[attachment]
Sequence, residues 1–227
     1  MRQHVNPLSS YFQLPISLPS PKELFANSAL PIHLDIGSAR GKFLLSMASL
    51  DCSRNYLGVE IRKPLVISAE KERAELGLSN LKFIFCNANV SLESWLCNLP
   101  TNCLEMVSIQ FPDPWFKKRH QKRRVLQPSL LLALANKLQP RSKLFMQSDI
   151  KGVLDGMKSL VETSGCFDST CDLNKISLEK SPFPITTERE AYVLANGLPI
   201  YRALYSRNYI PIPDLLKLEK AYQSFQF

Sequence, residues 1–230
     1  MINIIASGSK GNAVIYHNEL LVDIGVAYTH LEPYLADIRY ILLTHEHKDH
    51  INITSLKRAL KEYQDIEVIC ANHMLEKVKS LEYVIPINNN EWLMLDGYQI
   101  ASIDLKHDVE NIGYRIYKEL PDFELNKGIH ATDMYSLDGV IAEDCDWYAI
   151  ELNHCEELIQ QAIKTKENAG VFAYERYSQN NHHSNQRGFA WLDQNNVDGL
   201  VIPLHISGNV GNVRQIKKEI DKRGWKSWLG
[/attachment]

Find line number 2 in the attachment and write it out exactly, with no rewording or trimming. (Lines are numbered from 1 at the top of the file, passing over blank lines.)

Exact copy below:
     1  MRQHVNPLSS YFQLPISLPS PKELFANSAL PIHLDIGSAR GKFLLSMASL